Leniency alone is not sufficient to deter all cartels given current detection rates. Those cartels that can adapt to leniency through better cartel management may avoid detection. (182) Leniency programs may have resulted in less inclusive cartels because having too many members increases the possibility of detection, at least among those cartels that have been detected. While a more inclusive cartel means higher cartel profits, each additional member is one more firm who could apply for leniency. (183) As a result of this higher cost of cartel participation, cartels have become more effective in the concealment of their activity. (184)
What current antitrust cartel policy lacks are positive incentives to create robust and effective compliance programs to improve cartel detection. This Article proposes that the leniency applicant firm receive no government sanction and no private damages in return for full cooperation if the applicant can show that it had an effective compliance program in place (as determined via the creation of antitrust compliance guidelines) that detected the cartel conduct. The current system creates criminal immunity and removes treble damages for the leniency applicant. The proposed approach would destabilize cartels through an increased threat of defection because the leniency applicant could keep its illegal gains. Moreover, it would create incentives for firms to spend additional resources ex ante on antitrust compliance because the amount spent on additional effective compliance would be less than the cost of detection. This would create better incentives for detection.
A robust compliance program could work with the existing leniency program. The better the compliance program, the greater the incentive for a firm to defect from the cartel through leniency (assuming that the legal regime creates sufficient rewards for good compliance).
Early detection allows a firm to reap the benefits of an effective compliance program. (185) Motivating a penalty reduction is that one firm within the cartel will have better compliance results than the others. The penalty reduction encourages incentives for the weakest link to defect from a cartel. A better set of proactive incentives (assuming that a company meets the Sentencing Guidelines steps for effective compliance) will create enough encouragement for at least one firm within the cartel to invest in proactive compliance against potential wrongdoing.
Under current practice, in following the Sentencing Guidelines, a company paradoxically increases its likelihood of sanctioning by the government. By ignoring the Guidelines and providing cosmetic compliance, a company increases the potential payoff from illegal activity (by keeping both its compliance costs and risk of detection low), while increasing the benefit from its illegal behavior. (186)
With the proposal for super leniency, addressing what constitutes effective compliance becomes paramount. (187) It is difficult to determine what constitutes a "good" compliance program ex ante. Yet, what may make antitrust different from other areas of white collar crime may lie in the mechanics of price fixing. It may be easier for an outsider to monitor for criminal cartel-threatening activity than to monitor for, say, foreign corrupt practices. In many cases, criminal antitrust violations are relatively straightforward doctrinally and conceptually, and the criminal action is undertaken by relatively high level executives. One example is the price index and direct communications between the conspirators in the air cargo cartel. Another typical antitrust case is the well-known lysine cartel of the 1990s that resulted in a bestselling book and a movie starring Matt Damon in which executives from the lysine industry met in hotels to discuss price fixing. (188)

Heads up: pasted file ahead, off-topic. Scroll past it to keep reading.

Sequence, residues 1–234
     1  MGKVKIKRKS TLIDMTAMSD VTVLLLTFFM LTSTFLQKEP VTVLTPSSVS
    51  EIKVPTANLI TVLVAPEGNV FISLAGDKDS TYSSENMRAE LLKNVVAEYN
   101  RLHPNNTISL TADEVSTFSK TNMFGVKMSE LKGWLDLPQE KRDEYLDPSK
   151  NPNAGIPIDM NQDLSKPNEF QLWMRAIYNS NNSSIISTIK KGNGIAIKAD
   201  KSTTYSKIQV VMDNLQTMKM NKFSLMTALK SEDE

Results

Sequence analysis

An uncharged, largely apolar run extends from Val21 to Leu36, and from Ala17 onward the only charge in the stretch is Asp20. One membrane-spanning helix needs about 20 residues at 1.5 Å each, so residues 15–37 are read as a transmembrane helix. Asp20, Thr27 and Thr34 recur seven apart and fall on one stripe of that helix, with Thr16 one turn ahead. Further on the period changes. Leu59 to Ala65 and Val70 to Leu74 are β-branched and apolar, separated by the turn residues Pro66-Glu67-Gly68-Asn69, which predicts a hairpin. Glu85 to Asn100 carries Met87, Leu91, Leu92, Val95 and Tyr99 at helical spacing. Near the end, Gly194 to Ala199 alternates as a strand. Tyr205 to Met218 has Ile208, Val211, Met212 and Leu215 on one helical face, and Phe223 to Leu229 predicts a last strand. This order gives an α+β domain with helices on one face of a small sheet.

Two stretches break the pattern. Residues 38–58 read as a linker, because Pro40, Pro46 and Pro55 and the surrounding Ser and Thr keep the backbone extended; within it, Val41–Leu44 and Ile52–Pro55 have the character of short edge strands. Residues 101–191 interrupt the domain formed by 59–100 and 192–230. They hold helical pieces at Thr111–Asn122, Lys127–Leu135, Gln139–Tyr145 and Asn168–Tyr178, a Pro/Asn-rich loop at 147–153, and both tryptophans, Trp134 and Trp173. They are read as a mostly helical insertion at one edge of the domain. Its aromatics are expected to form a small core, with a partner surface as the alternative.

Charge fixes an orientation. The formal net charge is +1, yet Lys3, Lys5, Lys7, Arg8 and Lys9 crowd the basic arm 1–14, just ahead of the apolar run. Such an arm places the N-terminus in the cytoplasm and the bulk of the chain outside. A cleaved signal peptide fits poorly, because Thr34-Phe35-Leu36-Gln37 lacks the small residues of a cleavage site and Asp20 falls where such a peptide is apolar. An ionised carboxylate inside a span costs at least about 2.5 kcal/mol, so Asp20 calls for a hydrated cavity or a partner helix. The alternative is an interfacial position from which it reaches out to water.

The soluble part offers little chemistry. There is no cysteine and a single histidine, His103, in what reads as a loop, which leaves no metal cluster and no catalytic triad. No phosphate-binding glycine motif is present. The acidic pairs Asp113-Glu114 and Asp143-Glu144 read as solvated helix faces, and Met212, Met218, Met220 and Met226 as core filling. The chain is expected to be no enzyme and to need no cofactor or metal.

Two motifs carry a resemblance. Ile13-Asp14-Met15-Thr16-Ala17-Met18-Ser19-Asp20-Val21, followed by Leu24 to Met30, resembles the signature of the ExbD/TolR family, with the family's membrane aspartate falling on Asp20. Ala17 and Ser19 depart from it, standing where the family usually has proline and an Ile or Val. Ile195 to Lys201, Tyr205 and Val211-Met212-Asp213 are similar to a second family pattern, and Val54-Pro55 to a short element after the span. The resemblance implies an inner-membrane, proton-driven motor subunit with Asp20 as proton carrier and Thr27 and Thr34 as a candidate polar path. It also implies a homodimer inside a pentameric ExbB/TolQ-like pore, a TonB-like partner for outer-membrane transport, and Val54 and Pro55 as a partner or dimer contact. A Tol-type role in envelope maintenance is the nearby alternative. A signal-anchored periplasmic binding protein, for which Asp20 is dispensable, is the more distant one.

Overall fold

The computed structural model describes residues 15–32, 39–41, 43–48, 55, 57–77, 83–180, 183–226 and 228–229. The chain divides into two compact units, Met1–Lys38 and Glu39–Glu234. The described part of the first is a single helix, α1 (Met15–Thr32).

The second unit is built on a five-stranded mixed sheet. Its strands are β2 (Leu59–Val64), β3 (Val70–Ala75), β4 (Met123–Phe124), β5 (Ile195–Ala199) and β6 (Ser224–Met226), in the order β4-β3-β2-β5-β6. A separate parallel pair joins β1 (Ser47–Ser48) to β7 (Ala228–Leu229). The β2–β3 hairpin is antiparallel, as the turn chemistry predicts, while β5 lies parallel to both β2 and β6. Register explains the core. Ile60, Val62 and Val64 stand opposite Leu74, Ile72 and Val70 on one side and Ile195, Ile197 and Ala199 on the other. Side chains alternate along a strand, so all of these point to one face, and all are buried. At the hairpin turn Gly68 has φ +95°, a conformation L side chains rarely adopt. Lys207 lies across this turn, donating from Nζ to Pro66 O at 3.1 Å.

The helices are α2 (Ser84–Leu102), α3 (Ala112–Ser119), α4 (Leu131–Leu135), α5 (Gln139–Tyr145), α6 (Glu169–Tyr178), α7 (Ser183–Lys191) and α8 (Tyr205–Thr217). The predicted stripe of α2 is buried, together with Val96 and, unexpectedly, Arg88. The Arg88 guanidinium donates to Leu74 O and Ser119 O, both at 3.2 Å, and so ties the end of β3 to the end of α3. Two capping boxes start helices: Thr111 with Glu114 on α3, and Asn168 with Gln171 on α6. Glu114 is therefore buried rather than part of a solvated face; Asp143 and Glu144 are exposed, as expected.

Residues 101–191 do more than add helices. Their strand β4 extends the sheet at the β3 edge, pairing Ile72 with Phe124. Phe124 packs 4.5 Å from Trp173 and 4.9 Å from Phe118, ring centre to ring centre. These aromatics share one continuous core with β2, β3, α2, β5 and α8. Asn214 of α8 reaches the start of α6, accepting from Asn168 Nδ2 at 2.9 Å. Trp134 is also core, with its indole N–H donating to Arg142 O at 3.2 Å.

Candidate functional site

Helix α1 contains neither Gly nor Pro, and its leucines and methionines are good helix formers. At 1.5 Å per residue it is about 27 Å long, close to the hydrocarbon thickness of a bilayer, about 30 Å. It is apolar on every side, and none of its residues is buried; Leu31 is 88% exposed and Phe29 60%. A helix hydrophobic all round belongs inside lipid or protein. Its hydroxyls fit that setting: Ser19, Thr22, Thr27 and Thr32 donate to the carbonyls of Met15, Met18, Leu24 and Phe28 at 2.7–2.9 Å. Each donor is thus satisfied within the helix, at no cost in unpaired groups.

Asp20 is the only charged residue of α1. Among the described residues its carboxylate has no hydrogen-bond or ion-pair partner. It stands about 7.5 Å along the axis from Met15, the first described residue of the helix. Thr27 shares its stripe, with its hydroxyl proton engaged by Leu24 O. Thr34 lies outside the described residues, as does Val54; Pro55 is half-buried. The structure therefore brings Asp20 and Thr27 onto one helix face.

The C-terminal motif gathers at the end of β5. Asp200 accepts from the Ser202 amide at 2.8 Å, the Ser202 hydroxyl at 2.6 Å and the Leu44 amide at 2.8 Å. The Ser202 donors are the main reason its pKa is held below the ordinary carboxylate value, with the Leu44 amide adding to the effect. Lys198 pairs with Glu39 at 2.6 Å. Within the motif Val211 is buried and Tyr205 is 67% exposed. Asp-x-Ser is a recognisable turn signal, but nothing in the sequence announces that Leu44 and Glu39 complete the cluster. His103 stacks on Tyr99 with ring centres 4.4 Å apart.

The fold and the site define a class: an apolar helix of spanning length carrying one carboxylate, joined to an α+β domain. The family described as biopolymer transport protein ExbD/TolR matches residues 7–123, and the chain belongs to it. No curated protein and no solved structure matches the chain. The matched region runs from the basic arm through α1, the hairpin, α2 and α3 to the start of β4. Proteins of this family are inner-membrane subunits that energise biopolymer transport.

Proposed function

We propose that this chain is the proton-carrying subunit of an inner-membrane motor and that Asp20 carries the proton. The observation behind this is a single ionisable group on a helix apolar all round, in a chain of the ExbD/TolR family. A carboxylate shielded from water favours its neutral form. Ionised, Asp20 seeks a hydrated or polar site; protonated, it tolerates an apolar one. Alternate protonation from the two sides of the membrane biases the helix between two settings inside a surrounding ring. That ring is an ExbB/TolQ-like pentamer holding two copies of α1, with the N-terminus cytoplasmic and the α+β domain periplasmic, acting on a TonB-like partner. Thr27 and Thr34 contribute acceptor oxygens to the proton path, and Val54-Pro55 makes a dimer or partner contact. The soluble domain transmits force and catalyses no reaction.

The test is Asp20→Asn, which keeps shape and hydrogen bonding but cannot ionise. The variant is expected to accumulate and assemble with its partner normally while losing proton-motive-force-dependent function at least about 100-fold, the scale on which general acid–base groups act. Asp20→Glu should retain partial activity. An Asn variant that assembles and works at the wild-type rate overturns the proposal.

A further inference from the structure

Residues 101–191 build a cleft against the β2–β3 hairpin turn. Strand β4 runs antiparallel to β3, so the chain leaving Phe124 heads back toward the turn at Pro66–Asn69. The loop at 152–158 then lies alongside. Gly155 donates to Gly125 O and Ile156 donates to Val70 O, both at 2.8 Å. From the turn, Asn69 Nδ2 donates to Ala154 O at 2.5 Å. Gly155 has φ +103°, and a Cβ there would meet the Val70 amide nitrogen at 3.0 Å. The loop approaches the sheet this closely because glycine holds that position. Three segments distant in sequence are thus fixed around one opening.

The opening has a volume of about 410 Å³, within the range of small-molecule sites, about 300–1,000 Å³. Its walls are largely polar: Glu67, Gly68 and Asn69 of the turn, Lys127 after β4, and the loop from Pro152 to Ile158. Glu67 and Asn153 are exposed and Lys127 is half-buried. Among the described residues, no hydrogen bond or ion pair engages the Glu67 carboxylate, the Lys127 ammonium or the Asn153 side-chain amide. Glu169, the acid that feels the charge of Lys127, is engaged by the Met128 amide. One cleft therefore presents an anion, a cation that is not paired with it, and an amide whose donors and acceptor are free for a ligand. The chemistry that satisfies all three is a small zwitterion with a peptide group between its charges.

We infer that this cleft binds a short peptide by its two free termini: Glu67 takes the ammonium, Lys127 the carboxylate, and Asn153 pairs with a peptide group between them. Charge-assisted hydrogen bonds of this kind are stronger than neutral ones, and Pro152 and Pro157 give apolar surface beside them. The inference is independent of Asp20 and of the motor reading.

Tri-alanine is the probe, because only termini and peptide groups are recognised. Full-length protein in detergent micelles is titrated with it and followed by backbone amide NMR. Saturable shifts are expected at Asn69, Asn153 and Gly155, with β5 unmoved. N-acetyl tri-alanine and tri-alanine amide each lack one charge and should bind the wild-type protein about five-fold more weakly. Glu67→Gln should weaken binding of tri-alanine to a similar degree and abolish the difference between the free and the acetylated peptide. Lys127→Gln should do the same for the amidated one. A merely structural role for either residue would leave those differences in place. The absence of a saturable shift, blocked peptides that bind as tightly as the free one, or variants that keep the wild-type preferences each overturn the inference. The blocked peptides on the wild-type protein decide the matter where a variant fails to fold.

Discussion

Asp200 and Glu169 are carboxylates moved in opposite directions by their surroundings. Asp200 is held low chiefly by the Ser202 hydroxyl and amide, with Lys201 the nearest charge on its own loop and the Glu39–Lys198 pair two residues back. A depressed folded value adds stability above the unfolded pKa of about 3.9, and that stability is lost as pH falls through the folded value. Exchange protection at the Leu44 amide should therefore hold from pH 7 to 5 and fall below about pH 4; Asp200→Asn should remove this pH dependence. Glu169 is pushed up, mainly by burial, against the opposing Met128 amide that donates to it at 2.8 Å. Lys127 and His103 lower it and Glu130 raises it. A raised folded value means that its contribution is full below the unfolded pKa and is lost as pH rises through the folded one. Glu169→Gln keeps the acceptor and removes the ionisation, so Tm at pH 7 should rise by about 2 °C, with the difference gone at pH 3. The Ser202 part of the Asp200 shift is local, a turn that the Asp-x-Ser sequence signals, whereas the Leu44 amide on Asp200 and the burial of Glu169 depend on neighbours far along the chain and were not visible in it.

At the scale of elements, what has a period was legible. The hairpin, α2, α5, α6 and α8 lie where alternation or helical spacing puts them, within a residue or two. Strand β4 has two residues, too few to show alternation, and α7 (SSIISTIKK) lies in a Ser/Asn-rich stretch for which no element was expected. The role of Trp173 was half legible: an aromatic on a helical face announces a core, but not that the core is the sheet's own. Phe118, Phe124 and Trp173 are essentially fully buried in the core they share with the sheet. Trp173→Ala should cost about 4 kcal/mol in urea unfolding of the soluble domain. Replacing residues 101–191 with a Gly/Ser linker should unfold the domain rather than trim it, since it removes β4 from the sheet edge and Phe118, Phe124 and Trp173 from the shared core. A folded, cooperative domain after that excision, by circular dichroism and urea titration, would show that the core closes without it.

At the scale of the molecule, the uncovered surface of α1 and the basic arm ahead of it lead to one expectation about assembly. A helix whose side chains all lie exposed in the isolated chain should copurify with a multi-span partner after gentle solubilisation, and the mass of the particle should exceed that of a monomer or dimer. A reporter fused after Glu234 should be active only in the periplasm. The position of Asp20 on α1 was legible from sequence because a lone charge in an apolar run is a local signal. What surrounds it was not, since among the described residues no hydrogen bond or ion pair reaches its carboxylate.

This Article's policy proposal can be contrasted with other recent policy suggestions. Spagnolo and his co-authors have pushed for a lottery for the leniency applicant, in which the leniency applicant would be awarded all of the fines of the other cartel members. (189)
In a real world setting, there are dangers to effective cartel policy from too much leniency, such as the cartel lottery. One danger is that the bounty awarded from the fines paid by other cartel members gives the firm receiving the bounty a competitive advantage such that other firms may exit the market, thereby creating potential antitrust problems of monopolization. In addition, it may be difficult to sell the bounty system to the public at large. In this case, a member of a criminal conspiracy that hurts consumers goes without significant punishment and in fact is rewarded with a bounty. This can give rise to backlash against any penalty reduction to cartel enforcement. (190)
Antitrust authorities that promoted a competition culture to society might get pushback from a populace that wants to see firms receive punishment for wrongdoing rather...
Policing the firm.
|Author:||Sokol, D. Daniel|
|Position:||Improving antitrust enforcement through changing internal firm compliance incentives - I. The Cost of Cartels E. Culture of Corruption 4. Industry-Level Factors through Conclusion, with footnotes, p. 816-848|